Another ghost who is content to share his old residence with the present day owners is that of Major Asa Jackson, who received his rank as a member of the New Hampshire militia. In 1860, he built the house in Madison that he now supposedly haunts. Major Jackson and many other members of the Jackson family are buried not far from their old homestead in a small family plot.
Although Ken Turner, the current owner of "the Major's house" as it is known, professes to not believe in ghosts, he does admit that there have been lots of odd things that have happened around the house. "It must not be a malevolent spirit because it has never bothered me," he said, "but you can often hear something go clomping up and down the stairs, and doors have been found open and lights on. Once, I watched my two dogs and a cat react to something, jumping up on the bed, growling with their hair on end, as they followed it around the room."
In addition to the Major, who obviously didn't want to leave his house, Ken has heard stories of the ghost of an Indian who was forcibly drowned in a dam near his house. "A babysitter for the family who owned this house before me reported she saw a disembodied head in the back window a couple of years before I bought the place," he said, "but I've never seen anything like that."
Do you believe in ghosts? Admitting to seeing or believing in ghosts is something that not many people who want to be considered sane are ready to do. Documenting tales is even more difficult. By their very nature, spirits have to be elusive apparitions dangling between this world and the next. People who have had the opportunity to observe or live with a ghost often keep their stories to themselves for fear of ridicule. Conversely, some ghost-sighters tell their strange tale, yet insist throughout the telling that there must be some rational explanation behind it.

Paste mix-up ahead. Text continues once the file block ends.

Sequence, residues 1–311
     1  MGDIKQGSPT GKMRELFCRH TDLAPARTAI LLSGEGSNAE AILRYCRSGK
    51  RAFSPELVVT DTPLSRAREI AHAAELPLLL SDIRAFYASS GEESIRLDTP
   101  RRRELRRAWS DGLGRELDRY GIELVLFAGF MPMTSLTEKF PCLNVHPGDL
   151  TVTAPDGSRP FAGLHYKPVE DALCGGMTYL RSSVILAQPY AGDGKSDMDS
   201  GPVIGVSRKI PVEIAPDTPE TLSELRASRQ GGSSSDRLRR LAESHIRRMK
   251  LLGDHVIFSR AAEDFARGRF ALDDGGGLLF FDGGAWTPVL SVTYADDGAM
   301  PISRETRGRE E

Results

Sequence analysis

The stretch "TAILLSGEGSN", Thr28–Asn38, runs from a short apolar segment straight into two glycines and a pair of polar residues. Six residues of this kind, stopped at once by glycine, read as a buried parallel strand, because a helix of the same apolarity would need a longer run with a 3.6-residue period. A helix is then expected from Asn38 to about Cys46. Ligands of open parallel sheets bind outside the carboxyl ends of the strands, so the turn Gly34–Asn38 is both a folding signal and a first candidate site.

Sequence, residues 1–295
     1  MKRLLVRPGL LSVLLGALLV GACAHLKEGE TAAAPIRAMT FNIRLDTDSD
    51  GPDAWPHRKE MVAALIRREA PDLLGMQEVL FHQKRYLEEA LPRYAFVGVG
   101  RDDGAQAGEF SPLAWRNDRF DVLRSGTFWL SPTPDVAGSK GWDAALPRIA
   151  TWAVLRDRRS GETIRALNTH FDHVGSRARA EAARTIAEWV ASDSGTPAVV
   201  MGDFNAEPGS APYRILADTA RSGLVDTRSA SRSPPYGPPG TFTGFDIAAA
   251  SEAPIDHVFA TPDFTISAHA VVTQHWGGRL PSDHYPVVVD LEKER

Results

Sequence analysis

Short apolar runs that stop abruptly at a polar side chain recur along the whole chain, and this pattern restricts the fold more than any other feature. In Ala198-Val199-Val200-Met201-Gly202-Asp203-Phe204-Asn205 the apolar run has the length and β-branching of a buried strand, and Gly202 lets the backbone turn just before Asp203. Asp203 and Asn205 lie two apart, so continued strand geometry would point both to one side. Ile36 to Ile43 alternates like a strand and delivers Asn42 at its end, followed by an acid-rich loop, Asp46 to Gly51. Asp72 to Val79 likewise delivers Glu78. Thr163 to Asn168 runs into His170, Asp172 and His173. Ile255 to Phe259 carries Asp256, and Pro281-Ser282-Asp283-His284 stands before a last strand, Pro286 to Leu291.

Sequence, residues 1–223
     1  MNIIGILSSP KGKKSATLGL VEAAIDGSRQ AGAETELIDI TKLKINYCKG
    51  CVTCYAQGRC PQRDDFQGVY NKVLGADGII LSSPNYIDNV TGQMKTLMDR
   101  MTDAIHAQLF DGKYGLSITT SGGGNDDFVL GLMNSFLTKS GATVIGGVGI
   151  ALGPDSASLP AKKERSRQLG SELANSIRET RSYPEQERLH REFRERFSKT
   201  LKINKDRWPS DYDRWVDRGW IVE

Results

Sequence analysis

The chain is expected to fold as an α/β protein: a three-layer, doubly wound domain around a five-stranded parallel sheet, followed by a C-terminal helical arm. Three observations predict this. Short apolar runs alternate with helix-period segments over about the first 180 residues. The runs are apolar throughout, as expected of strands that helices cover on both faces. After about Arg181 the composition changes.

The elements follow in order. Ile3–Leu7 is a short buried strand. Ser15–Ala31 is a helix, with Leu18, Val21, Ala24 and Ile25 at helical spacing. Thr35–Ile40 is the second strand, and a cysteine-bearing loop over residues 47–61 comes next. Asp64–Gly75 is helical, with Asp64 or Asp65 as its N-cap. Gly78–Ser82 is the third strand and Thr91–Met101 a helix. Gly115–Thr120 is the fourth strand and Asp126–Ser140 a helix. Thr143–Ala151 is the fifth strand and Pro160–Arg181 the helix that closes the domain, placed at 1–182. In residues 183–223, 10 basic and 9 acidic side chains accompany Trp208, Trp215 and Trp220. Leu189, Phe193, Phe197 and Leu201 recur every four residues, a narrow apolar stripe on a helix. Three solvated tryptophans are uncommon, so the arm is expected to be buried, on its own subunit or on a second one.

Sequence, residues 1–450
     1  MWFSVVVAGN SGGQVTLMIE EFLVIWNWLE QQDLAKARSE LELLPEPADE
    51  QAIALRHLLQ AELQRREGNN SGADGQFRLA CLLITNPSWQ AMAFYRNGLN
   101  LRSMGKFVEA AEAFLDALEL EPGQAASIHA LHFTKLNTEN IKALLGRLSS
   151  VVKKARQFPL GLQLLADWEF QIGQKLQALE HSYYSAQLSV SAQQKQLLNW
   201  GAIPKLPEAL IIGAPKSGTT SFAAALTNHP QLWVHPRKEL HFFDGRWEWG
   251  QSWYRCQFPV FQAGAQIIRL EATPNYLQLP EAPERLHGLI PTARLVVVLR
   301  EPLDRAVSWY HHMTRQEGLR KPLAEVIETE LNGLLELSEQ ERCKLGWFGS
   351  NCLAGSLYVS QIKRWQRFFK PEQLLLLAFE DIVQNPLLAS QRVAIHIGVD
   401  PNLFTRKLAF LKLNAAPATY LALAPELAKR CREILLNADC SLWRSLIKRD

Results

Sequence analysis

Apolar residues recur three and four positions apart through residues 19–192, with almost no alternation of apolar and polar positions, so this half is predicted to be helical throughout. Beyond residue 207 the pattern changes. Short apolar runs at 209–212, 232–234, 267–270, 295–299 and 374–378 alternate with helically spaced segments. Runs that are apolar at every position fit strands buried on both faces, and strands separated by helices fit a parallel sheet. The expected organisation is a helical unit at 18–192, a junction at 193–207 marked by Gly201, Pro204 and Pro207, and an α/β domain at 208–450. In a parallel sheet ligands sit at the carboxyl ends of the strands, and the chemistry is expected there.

Not knowing all the laws of nature, ancient and medieval man had not hesitation to attribute every incomprehensible occurence to some long-dead uncle or murdered enemy. Elaborate rituals were practiced to placate these spirits, help them in their transition from the land of the living to the afterworld, and to prevent them from haunting the living.
Except for the attention of a few netherworld believers, the spirits, ghosts, and ghoulies, who once commanded homage from mere peasants to great kings, are no longer receiving any respect from the living. Whole cultures and pagan religions were once based on keeping the spirits happy, yet we sit secure in our knowledge that if there really were ghosts, someone would be able to prove it.
When you venture out on All Hallows Eve, just ask yourself one question as you look up at the starts and feel a shadow move over the moon ...could they possibly have been right?
Postscript: Note that this was written long before Google, hence the reference to the practically forgotten Encyclopedia Britannica.